One of the most often asked questions by clients is which arbitration institution is best to administer an arbitration? While many may have a favourite or go-to institution, it is generally not desirable to recommend one particular institution. The choice of institution will have to be made in the light of the particular circumstances of the case. Much will depend on the reputation and the level of personal experience with an institution. Whatever degree of objective analysis is applied, it is inevitable that an element of subjective (even emotional) analysis will also come in to play in selecting or rejecting a proposed arbitral institution.
There are quite literally hundreds of administering bodies to choose from with many associated to chambers of commerce. In recent years there has been an explosion of new arbitration institutions being established. However, it tends to be the long established and well-known institutions, such as the ICC, LCIA, SCC, SIAC, HKIAC, CIETAC, ICDR and ICSID, that handle the majority of international arbitration cases in the more popular seats of arbitration such as London, Paris, Stockholm, Singapore, Hong Kong, Beijing, New York and Washington.
There are no hard and fast rules for selecting an institution. A good institution will provide an impartial apparatus (unbiased toward any particular economic or political interest bloc) for the administration and supervision of the arbitration. As we noted in last month´s edition, some institutions may provide services that include assistance in the selection of a suitable tribunal, overseeing the payment of the expenses of the arbitration, fixing the fees of the arbitrators, holding deposits as security for the costs of the arbitration, providing support and guidance for the arbitrators and the parties, reviewing the award and keeping hitches in the running of the arbitration to a minimum.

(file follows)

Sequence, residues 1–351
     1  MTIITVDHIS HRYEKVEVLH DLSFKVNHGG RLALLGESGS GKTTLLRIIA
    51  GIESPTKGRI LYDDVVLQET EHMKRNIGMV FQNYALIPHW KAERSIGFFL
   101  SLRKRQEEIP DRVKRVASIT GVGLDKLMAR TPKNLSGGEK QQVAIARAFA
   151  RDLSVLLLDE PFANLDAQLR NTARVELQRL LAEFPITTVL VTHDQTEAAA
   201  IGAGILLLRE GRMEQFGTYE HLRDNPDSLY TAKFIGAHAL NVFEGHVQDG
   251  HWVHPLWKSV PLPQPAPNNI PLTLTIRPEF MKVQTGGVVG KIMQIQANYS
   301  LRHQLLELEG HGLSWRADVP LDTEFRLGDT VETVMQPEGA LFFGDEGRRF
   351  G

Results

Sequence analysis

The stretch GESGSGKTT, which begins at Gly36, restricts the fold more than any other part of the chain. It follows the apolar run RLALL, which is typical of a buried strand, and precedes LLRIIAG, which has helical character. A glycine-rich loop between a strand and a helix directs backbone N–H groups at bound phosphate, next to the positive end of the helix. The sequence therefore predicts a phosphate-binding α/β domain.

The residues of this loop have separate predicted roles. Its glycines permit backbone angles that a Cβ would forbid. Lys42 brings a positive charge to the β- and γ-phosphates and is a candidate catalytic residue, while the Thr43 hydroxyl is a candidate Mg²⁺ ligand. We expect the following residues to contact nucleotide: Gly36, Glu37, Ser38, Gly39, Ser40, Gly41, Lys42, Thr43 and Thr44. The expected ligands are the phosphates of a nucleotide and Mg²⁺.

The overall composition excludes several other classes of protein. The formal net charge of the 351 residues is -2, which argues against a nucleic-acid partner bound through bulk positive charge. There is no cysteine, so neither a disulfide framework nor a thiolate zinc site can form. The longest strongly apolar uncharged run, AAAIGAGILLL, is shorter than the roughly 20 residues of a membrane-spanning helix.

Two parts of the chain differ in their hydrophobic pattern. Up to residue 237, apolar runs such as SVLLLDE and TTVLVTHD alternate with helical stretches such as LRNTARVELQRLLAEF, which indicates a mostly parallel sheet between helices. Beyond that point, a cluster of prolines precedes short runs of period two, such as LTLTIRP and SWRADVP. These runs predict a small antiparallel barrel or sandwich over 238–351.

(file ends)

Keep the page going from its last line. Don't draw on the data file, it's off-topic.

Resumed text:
Some general points to consider, however, in selecting an arbitration institution include:
Longevity - An institution must be expected to remain in existence for the duration of the arbitration. The demise of an institution before disputes arise may result in it not being possible to implement the procedure for the appointment of the tribunal, thus preventing the arbitration proceedings from progressing (unless the arbitration law of the country concerned allows its courts to appoint the tribunal). It is for this reason that particularly careful thought should be given to any proposal to appoint one of the smaller or new and untested regional or national arbitration institutions.
Rules - Another factor in the choice of institution will be the arbitration rules it applies. The arbitration rules of the principal institutions are designed to ensure the efficient conduct of an arbitration through to the making of an enforceable award. The rules contain provisions which will ensure that a tribunal is appointed to deal with the arbitration, that a party cannot frustrate the arbitration by refusing to co-operate and that an arbitrator cannot do so either.
Whilst the rules of the leading institutions adopt a broadly similar approach, there are differences between them, and not only on minor points of detail. For example, some institutional rules impose no restrictions on the nationality of the arbitrators whiles others do. The administrative procedures themselves may be time consuming and involve additional steps that may not make them suited to arbitrations where speed is of the essence, although many institutions now provide for expedited arbitration within their rules.
Some institutions are also prepared to administer arbitrations conducted under the United Nations Commission for International Trade Law (UNCITRAL) Arbitration Rules and not just under their own rules, but many other institutions do not.
Although the rules of these bodies may be fairly innocuous, it is worth checking for traps in the rules of any other institution which may be proposed. For example, provisions that provide that, unless otherwise agreed by the parties, hearings shall be in a particular location, or in other places with the approval of the Secretary General of the institution. In any case, the desired rules should be explicitly and accurately mentioned in the arbitration clause. The best way of doing this is by using the institution´s own standard clause, amended as required. In the process, it is well to specify whether, if the institution amends its rules between the contract date and the date of arbitration, the old or the new' rules will govern.
While the temptation may be to use only tried and tested institutions, parties may be faced increasingly with having to consider alternative arbitral institutions to administer any dispute between them. Careful consideration of the above points should be taken when considering any new or unfamiliar institution to ensure that it is a credible and practical option for administering the arbitration.